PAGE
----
Sometimes people talk about the 2011 spring flood as if it were just part of an ongoing “natural” cycle. Some who have been around for past floods compare 2011 to the severe floods of 1974 or even 1955. As a teenager in 1955 I well remember canoes going down the streets near the overflowing Wascana Creek.
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We’ll need a vibrant democracy not shirking from the challenges of sustainability to make a necessary transition. How are we doing in Saskatchewan? And will the new NDP leadership enhance our quest to become a sustainable society?
Prime Minister Harper’s view that Alberta’s tarsands will be the economic motor for the Canadian Energy Superpower is starting to unravel. Alberta faces a $6 billion revenue shortfall and will face a $4 billion deficit. Last year it predicted “only” an $800 million deficit. Premier Redford can’t displace responsibility on to a shortage of pipelines, for Alberta’s budgetary calculations can’t be based upon hypothetical scenarios. Nor can Saskatchewan’s, which projected a $95 million surplus, which has dropped to $9 million.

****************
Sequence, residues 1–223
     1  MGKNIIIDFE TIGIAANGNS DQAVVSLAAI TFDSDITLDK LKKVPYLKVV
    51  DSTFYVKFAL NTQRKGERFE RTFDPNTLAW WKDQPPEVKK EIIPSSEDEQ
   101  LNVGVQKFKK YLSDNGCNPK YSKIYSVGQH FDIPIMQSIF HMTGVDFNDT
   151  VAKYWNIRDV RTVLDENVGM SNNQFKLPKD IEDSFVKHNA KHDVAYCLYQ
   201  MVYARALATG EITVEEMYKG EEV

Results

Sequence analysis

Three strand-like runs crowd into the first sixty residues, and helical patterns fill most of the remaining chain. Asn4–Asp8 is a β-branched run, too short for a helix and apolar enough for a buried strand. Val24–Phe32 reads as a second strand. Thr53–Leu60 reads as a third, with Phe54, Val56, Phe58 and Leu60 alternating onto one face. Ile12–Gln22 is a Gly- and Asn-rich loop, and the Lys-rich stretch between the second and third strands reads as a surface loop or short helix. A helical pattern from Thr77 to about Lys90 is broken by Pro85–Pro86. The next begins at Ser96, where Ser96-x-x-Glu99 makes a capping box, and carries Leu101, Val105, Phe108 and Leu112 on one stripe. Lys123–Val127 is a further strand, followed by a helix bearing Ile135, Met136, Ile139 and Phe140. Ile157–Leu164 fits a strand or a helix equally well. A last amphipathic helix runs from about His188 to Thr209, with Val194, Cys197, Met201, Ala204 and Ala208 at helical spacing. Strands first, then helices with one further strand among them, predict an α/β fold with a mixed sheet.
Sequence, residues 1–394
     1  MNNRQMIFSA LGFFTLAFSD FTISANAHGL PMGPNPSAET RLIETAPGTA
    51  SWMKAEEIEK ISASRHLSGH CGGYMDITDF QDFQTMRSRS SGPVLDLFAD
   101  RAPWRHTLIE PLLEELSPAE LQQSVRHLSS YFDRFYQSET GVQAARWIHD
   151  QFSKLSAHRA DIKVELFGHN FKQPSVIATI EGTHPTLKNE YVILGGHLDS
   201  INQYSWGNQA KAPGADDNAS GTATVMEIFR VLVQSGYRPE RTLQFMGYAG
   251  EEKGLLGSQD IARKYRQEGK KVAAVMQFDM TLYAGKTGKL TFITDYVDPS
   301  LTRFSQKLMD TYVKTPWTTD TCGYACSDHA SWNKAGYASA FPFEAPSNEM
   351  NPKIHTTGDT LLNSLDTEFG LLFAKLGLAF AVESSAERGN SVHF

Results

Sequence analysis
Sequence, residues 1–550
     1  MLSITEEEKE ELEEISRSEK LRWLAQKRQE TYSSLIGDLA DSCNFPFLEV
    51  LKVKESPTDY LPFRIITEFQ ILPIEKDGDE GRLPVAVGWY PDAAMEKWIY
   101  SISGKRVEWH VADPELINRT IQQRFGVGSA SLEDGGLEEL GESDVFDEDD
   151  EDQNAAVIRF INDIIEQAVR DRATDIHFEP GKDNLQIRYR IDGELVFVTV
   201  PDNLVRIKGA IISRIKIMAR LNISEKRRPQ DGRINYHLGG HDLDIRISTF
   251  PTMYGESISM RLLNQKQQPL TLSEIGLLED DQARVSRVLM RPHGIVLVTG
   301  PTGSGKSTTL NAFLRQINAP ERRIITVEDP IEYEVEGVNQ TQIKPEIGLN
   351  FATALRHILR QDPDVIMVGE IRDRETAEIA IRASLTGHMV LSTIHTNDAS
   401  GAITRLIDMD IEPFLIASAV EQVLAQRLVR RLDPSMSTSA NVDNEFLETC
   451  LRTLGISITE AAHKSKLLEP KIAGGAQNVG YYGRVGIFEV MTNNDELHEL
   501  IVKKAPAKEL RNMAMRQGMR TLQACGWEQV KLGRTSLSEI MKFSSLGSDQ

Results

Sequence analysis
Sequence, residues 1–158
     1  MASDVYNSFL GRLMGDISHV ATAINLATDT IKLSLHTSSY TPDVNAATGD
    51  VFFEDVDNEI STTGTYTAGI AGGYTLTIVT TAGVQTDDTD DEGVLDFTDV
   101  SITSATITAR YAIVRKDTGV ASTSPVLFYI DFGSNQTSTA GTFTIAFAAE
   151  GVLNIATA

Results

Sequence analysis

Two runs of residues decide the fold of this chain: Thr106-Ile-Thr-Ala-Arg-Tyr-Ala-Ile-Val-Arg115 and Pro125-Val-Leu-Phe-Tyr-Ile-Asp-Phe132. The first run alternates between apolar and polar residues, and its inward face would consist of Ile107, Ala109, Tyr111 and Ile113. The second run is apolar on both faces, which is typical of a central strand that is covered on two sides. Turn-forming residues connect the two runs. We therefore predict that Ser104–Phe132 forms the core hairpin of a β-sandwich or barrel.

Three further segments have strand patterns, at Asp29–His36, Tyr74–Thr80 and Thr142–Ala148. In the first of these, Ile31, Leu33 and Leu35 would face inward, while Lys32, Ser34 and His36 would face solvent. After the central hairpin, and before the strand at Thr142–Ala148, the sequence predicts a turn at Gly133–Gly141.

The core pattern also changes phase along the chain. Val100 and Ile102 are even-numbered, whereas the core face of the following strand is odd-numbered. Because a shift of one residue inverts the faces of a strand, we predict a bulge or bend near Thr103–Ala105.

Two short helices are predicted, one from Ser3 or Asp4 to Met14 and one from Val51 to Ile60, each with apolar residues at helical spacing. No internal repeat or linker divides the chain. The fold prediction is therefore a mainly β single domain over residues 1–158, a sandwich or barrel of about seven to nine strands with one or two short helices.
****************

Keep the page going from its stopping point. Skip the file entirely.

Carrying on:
The summer of 2012 has seen a group of dedicated activists from Saskatchewan, Alberta, British Columbia and Ontario begin working to revive resistance against the nuclear industry’s persistent efforts to entrench its economic objectives in Saskatchewan.
Perhaps the most pressing issue is the continuing attempts by the industry-driven Nuclear Waste Management Organization (NWMO) at finding a “willing” community in northern Saskatchewan to host a nuclear waste disposal site. Northern communities are divided between the need to alleviate desperate poverty and unemployment and the very real concern for the long-term environmental and personal impact of toxic radioactive wastes.